How many times have you ever been camping in your life and not had a fire? It’s tradition, even if you’re just using it to roast marshmallows for s’mores.
Fire can sometimes be a necessity, though. In a SHTF situation, you will need fire to purify your water, you may need it to cook your food, and in the colder months you will definitely need it to stay warm.
You make fires in your fireplace, and sometimes you even make bonfires around which to throw massive field parties.
This is your ultimate guide to making fire! It may be an on-going project that will be tweaked, added-to and tuned-up from time to time, so bookmark it and read it time and again to keep your fire-making skills honed!
Making Fire: Preparation
When you are preparing to build a fire, you will need to know which method to use in order to determine all of the tools you are going to need. However, there are some pretty standard items you should have as well.
Tinder Bundle – A small bundle of dry grass, leaves, straw and sticks that will be used to receive the spark or ember — also called a “bird’s nest” because of the close resemblance. The tinder bundle will receive the ember or spark (which will form an ember in the bundle) made using one of the methods listed below. Cup your hands around the tinder bundle to slowly enclose the ember and gently blow. The oxygen will feed the ember and cause it to spread throughout the bundle, eventually igniting a flame.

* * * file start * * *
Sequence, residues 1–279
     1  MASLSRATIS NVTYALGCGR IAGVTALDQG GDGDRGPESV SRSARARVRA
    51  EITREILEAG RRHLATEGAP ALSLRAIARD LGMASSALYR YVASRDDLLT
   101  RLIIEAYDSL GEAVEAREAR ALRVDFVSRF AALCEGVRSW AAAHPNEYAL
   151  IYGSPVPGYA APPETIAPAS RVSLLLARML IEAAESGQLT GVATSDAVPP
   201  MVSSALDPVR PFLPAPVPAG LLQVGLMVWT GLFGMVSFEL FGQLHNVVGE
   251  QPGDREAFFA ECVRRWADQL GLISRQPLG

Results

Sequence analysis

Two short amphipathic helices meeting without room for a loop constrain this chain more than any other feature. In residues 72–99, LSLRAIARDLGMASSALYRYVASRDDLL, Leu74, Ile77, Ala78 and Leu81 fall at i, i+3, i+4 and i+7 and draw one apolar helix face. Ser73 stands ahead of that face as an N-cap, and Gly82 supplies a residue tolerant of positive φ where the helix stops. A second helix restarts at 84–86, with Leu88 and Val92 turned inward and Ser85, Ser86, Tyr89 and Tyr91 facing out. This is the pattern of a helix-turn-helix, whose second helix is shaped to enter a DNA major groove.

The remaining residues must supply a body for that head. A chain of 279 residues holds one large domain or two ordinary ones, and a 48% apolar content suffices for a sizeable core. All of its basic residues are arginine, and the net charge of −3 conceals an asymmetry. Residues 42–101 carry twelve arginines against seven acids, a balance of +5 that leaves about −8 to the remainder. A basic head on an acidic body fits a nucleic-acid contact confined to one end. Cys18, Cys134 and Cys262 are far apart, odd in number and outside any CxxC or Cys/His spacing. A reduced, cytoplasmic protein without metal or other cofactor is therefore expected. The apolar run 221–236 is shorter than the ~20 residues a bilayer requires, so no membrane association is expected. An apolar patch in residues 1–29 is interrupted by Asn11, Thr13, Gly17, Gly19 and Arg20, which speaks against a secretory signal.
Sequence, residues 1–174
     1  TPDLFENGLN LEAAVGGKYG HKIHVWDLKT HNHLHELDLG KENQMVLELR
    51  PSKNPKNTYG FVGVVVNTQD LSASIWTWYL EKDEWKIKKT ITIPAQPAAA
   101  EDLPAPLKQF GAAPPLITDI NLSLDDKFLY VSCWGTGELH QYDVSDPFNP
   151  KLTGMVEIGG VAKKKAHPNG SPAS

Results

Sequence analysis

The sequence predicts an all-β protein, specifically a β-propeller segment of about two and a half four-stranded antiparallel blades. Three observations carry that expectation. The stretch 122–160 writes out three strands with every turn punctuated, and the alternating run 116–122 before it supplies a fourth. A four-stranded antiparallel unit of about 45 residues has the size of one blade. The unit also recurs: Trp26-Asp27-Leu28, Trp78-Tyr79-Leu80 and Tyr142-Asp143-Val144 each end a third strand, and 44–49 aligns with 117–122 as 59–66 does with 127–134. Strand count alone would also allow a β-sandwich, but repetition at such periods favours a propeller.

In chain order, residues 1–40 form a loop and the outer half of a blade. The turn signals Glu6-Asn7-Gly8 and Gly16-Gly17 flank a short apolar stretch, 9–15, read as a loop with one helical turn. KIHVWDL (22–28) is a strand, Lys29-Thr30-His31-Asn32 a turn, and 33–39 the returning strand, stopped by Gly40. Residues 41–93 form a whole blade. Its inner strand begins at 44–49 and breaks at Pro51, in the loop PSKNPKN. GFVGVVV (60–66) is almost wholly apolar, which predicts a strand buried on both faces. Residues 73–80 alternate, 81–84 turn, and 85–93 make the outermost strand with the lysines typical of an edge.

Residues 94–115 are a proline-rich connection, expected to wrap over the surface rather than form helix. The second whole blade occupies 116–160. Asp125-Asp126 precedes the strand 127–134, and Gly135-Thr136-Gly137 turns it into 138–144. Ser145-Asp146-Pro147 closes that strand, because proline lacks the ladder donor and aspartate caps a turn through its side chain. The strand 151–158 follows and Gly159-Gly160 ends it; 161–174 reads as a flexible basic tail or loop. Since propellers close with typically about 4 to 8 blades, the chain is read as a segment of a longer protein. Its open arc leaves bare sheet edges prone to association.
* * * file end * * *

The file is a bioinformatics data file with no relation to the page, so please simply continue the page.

Kindling – Small pieces of dry wood stacked in a pyramid or other shape. Once the tinder bundle is ablaze, it will be slid into the kindling stack.
Fuel – Larger pieces of wood that will be added slowly to the fire once the flame is established and burning good.
Accelerant – If you have some form of petroleum or other flammable chemical, fire making will be much easier. Some accelerants include gasoline, kerosene and vaseline. Add the accelerant to the tinder bundle or kindling to make the fire take and set faster.
Char Cloth – A piece of cloth made cotton, jute or linen that has been burnt slightly and will catch fire with even a small spark. You can make your own char cloth by using a small metal container (like an Altoids tin) and a cotton bandana (which you should have in your bug-out bag, anyway, right?).
Methods for Building Fire